Rollovers: One to a customer
Rollovers: One to a customer
When there’s an unexpected financial emergency of some sort, there may be a strong temptation to borrow from retirement savings to meet it. For example, many 401(k) plans have provisions that allow participants to borrow from their accounts. Another possibility, if the need is very short-term, is to exploit the IRA rollover rules to create the equivalent of a very short-term loan from that account. (Note that actual loans from an IRA are not allowed.)
When an IRA owner wishes to move his or her money to another financial institution, a distribution from the IRA will not be taxable so long as it is rolled into the new IRA within 60 days. The 60-day figure likely was chosen for administrative convenience. What’s more, the money simply could be redeposited in the original IRA and still preserve this tax treatment. However, taxpayers are permitted only one IRA rollover per year.
Recently, a couple tried to tack a series of IRA rollovers together to create a six-month loan for themselves. Husband withdrew $65,064 from his traditional IRA on April 14, 2008, and another $65,064 from his rollover IRA on June 6, 2008. On June 10, 2008, $65,064 was returned to the traditional IRA. Wife withdrew $65,064 from her IRA on July 31, 2008. On August 4, within 60 days of the husband’s June 6 withdrawal, the $65,064 was redeposited in the rollover IRA. Wife made a partial redeposit of $40,000 to her IRA on September 30. The couple treated all of these transactions as nontaxable rollovers, and they reported no taxable IRA distributions.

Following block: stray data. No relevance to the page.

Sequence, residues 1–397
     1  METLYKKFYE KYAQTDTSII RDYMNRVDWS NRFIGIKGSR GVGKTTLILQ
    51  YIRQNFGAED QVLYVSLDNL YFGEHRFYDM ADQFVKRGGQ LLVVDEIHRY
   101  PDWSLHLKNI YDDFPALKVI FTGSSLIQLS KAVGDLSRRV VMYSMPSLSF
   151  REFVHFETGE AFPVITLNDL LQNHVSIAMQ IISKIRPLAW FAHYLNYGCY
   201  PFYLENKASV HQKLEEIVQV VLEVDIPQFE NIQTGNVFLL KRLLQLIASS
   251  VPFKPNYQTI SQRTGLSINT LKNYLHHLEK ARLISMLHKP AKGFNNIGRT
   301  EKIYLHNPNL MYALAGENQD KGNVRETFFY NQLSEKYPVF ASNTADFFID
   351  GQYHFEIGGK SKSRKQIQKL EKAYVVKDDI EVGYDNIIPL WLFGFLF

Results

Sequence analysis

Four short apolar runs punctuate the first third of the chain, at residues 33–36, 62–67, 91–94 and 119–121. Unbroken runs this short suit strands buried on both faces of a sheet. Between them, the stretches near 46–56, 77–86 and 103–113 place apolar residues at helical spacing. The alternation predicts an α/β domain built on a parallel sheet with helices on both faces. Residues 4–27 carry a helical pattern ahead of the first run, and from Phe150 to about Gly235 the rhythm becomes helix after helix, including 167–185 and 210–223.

The plan failed on several fronts, according to the Tax Court. Although the couple assumed that the rollover restrictions apply on a per account basis; instead they apply per taxpayer. The tax code is not ambiguous on the question. So only Husband’s first rollover was tax free; the second was not. Wife is entitled to her own rollover, but here the mistake was more prosaic. One might assume that September 30 is within 60 days of July 31, but it is not. In fact, that is the 61st day, so Wife’s partial redeposit did not reduce the taxes on her withdrawal either. These were premature distributions, subject to the 10% penalty tax. Failure to report the distributions as taxable led to a significant understatement of tax liability, triggering another 20% penalty. All in all, perhaps the “short-term loan” from the IRA wasn’t such a good idea.
Alternate facts. What if a taxpayer wants to consolidate several IRAs into a single account? Does he or she have to spread that consolidation over several years, just moving one account at a time?
No. Account consolidations may be handled as trustee-to-trustee transfers, rather than distributions followed by rollover deposits. If the money is not distributed to the taxpayer, the 60-day rule does not come into play. There is no tax code limit to the number of trustee-to-trustee transfers that a taxpayer may make in a year.